In business, the market development approach demands that an organization develop strong market systems in communities so as to increase its income and productivity. An interesting factor of this approach is the local participatory economic development. It encourages collaboration and project ownership by all acting entities within an economic market(community as a whole), i.e. government, the private sector, civil society and the local community. Majority of the time, what separates the corporate from the non-profit organizations is that one is geared towards maximizing profit while the other towards social value, respectively. However, something both worlds have in common is the connection with people: thousands of us feel the twinge of guilt as we pass by a person sleeping on the side of the street. But here is the reality, you can’t bring help and justice to the poor if you don’t know them.
Some of the most successful businesses have mastered the craft of knowing their market. By knowing this, they can make better products, deliver better services and thus increase profit. If corporates have the ability to understand how important knowing the people we serve is, where is the gap when it comes to aspiring change makers towards social justice? We have set the bar so low . Giving money is fabulous, non-profits need donations, people still need to be fed, clothed etc but along with that you need to be building relationships with those who are impoverished and oppressed to get to the root cause. Justice work takes time. It seeks large-scale goals, which do not come quickly. It does not deal directly with immediate, urgent needs. It involves risk-taking and the investment of large amounts of human and financial resources. One thing’s for sure, the only resource that grows with use is relationships. Let us value them with the utmost importance they deserve.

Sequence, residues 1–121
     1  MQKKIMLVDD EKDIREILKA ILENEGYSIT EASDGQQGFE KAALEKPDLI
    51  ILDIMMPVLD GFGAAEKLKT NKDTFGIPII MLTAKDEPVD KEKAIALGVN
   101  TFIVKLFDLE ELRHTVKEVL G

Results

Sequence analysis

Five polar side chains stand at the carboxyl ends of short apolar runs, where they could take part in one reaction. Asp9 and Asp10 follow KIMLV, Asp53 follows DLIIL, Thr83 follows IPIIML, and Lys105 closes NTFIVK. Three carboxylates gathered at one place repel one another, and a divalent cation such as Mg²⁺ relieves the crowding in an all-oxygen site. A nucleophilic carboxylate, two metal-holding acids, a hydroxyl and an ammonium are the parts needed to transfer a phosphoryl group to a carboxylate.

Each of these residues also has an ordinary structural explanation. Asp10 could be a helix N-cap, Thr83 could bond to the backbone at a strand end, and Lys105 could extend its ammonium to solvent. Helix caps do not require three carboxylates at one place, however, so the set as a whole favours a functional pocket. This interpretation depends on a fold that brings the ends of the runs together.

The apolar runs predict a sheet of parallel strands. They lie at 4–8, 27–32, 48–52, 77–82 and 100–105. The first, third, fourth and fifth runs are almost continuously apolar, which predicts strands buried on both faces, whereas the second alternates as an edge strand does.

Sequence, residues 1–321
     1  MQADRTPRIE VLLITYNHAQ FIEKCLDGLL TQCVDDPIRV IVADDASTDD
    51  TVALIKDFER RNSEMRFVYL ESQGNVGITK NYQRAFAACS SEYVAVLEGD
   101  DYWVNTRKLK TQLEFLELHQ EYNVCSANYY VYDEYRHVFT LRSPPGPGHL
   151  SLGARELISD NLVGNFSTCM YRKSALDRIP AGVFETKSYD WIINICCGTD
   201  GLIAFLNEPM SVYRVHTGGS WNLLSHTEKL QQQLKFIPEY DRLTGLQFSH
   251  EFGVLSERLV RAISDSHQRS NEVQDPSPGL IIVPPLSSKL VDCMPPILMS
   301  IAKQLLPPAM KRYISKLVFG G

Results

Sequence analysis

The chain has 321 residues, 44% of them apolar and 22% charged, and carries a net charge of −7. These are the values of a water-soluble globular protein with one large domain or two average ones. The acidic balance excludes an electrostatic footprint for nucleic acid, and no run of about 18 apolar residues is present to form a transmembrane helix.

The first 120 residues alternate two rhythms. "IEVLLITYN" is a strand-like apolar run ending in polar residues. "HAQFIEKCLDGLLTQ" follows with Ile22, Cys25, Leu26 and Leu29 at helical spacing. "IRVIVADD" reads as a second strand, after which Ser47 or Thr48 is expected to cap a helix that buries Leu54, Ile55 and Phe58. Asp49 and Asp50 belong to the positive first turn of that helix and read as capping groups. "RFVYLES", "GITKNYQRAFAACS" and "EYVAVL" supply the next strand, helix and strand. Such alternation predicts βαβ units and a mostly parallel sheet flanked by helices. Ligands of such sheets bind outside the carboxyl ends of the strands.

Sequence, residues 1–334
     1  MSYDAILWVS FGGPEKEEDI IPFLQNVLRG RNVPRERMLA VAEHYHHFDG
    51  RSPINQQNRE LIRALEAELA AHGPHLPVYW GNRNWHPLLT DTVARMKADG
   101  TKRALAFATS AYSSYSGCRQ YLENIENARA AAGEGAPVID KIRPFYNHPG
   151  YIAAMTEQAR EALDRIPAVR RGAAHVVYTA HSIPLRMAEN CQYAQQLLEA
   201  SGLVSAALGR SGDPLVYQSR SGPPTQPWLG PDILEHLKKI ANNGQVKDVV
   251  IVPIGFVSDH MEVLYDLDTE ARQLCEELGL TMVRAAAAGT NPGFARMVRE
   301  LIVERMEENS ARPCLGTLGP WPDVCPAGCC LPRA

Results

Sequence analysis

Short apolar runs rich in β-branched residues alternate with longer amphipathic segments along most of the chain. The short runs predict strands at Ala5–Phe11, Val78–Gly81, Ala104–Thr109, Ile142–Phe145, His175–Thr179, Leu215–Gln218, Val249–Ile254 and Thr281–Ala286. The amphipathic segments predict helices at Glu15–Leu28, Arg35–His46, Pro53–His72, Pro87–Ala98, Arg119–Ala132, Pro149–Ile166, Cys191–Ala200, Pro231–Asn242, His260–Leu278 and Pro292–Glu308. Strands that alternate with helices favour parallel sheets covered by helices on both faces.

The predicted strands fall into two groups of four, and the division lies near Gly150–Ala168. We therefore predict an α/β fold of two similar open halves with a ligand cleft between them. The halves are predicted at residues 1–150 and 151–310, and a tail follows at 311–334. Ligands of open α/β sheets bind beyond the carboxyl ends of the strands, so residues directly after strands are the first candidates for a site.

Let us raise the bar higher to what non-profits should be, maximizing social value: from demonstrating outcomes to impact. From programs to solutions. From measuring results to measuring value. From fundraising to selling impact. From donors giving money to donors investing in sustainable impact. Only then will we continue to really solve social problems from the root cause.